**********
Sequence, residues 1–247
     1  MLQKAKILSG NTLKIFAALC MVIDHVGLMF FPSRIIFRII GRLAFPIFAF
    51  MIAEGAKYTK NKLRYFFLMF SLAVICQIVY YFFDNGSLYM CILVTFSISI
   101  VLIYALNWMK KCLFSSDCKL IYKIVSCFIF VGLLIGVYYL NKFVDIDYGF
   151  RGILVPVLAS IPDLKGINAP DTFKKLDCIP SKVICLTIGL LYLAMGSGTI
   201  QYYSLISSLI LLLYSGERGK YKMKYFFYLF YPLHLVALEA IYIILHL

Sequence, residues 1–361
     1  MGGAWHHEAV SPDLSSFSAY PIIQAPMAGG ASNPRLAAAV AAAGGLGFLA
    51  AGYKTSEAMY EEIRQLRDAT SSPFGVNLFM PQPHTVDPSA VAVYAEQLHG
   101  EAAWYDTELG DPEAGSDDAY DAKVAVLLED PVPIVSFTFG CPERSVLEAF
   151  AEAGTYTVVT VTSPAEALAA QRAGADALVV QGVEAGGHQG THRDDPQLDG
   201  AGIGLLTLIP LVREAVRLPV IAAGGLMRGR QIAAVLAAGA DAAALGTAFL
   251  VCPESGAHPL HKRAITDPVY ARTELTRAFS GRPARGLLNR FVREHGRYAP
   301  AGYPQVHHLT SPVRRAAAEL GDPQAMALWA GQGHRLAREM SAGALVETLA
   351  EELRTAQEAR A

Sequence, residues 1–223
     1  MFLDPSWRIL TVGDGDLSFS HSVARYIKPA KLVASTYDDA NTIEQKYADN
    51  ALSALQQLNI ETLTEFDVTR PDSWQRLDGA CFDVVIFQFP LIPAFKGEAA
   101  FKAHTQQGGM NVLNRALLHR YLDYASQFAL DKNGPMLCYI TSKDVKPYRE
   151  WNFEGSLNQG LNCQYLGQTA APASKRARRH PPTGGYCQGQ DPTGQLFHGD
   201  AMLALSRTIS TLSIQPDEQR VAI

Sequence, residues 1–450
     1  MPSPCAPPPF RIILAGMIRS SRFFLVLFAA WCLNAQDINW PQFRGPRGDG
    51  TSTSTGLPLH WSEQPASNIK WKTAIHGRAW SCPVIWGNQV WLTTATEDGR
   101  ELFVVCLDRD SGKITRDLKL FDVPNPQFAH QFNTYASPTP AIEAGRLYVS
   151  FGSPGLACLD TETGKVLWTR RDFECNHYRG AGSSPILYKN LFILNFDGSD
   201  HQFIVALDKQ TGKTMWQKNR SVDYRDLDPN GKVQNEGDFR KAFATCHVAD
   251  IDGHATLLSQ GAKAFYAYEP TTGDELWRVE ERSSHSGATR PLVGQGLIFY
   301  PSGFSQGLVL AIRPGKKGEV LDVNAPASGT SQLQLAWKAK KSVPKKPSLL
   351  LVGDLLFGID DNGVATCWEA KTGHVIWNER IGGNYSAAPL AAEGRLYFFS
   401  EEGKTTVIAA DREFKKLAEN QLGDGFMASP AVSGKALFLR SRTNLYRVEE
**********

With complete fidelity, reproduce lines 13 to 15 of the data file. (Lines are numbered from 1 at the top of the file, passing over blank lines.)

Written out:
   251  VCPESGAHPL HKRAITDPVY ARTELTRAFS GRPARGLLNR FVREHGRYAP
   301  AGYPQVHHLT SPVRRAAAEL GDPQAMALWA GQGHRLAREM SAGALVETLA
   351  EELRTAQEAR A